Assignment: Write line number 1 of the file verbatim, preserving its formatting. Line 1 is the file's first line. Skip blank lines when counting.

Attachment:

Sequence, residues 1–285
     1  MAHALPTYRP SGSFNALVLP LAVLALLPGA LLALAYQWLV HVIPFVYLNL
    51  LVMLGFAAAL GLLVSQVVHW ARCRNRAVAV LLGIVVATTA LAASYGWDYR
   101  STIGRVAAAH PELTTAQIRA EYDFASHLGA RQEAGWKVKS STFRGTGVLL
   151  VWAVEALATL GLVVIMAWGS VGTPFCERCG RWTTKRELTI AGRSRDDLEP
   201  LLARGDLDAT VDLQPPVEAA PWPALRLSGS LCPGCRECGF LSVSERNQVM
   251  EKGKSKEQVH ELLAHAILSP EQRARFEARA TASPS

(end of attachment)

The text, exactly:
Sequence, residues 1–285